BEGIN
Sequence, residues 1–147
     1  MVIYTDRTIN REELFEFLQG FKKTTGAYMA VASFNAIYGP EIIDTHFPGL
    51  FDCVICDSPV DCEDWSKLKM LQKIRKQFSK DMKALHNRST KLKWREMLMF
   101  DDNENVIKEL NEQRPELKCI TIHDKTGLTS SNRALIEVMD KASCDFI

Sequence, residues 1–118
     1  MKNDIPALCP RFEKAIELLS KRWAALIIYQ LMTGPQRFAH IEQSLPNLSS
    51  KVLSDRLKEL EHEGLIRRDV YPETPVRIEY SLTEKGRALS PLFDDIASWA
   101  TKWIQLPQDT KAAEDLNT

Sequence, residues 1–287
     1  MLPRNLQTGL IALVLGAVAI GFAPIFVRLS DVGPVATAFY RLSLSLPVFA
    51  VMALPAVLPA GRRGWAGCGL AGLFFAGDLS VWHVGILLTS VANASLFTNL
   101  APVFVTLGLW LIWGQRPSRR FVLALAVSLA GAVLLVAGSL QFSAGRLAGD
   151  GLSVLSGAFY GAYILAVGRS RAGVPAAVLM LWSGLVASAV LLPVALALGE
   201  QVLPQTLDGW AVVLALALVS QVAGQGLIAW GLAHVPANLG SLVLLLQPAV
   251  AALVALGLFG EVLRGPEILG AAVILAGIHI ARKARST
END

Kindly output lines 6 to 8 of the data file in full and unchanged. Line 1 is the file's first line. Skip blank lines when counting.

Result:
     1  MKNDIPALCP RFEKAIELLS KRWAALIIYQ LMTGPQRFAH IEQSLPNLSS
    51  KVLSDRLKEL EHEGLIRRDV YPETPVRIEY SLTEKGRALS PLFDDIASWA
   101  TKWIQLPQDT KAAEDLNT